African Water Leakage Summit Highlights

D Besseling
Water and Sanitation Africa
November 2011

This year's African Water Leakage Summit highlighted the growing importance of water loss control in the African environment.

The two events, each held over two days in both Johannesburg and Cape Town, attracted more than 200 delegates in total, from nine countries. This is the first African regional water losses summit to be officially sanctioned by the International Water Association.

This year's event was a joint effort involving the private and public sectors, with WRP as the main organiser and supported by many organisations, including the South African Department of Water Affairs, the South African Water Research Commission, the Development Bank of South Africa (DBSA), The City of Tshwane, Sasol, the German Government (GiZ), British Government (DFID) and the Australian Government (AusAid)

Details of Proceedings

Tim Waldron

The events were opened by Tim Waldron, who is well known as one of the top water demand management (WDM) specialists in the world and chairman of the IWA Water Losses Specialist Group. In his opening address, Waldron emphasised the importance of reducing water losses from potable water supply systems worldwide and the key role that is being played by the IWA in its efforts to drive down wastage. He presented an overview discussion on the latest developments around the world with regard to the reduction of water losses in urban areas. Waldron highlighted that the matter of water losses is now considered by the IWA to be one of the most important issues facing the world today. He indicated that, from his own assessment in South Africa, he believes that pressure management is one of the most important water loss interventions that should be considered as part of any water loss strategy, owing to the relatively high pressures that exist throughout the country.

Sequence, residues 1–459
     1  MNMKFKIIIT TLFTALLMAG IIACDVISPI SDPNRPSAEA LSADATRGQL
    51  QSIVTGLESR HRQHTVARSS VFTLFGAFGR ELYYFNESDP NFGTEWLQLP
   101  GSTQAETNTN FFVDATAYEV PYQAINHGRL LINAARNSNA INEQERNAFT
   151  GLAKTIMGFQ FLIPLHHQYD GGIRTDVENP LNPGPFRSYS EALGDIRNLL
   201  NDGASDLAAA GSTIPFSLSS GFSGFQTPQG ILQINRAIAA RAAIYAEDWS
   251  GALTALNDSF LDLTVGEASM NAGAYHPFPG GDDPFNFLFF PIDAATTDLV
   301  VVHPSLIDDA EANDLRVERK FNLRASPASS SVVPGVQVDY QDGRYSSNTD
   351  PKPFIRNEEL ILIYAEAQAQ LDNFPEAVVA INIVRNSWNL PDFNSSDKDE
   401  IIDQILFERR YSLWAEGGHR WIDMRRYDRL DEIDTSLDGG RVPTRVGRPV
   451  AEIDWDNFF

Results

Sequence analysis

He commenced his second presentation by congratulating the South Afican Water Research Commision for being one of the first organisations in the world to formally take up and support the IWA Water Balance from a national perspective. He applauded the Water Research Commission's approach of developing a full range of BABE software for free distribution throughout the country in order to encourage water loss reduction in all municipalities. He continued to stress the importance of moving away from percentage losses by using a series of examples from around the world where percentage losses are extremely misleading.

Prof Mike Muller

Professor Mike Muller is the commissioner to the National Planning Commission, which advises the South African government on all water-related matters. He is also the specialist infrastructure advisor to the DBSA, in addition to being a visiting professor at Wits University. Prof Muller's presentation primarily related to why a pragmatic approach to water loss reduction is one of the most critical issues facing South Africa. He touched on the importance of educating everyone working in all aspects of water services, from managers to labourers, since they must understand and appreciate how they fit into the bigger picture of reducing water losses. He then presented examples highlighting the water resource situation in various large municipalities, where the need for both WDM and new water resource developments is already evident. He concluded his presentation by stating that "There will be a water crisis in South Africa in the next decade unless we pay more attention to the way in which we manage our water - leak control and demand management will be vital."

Allestair Wensley, Paul Herbst, Niel van Wyk and Simon Scruton

Following Prof Muller's opening address, there were three related discussions from the three key directorates within the Department of Water Affairs, all of which dealt with different aspects of water loss control from the government's perspective. Firstly, Allestair Wensley, who is responsible for Local Government Planning and Information, provided a strategic interpretation of all water services information on which major government decisions and policies are based. Wensley set the scene for the summit by repeating the recent statement by the president, in which he indicated that South African municipalities must aim to reduce water losses by half by the year 2014.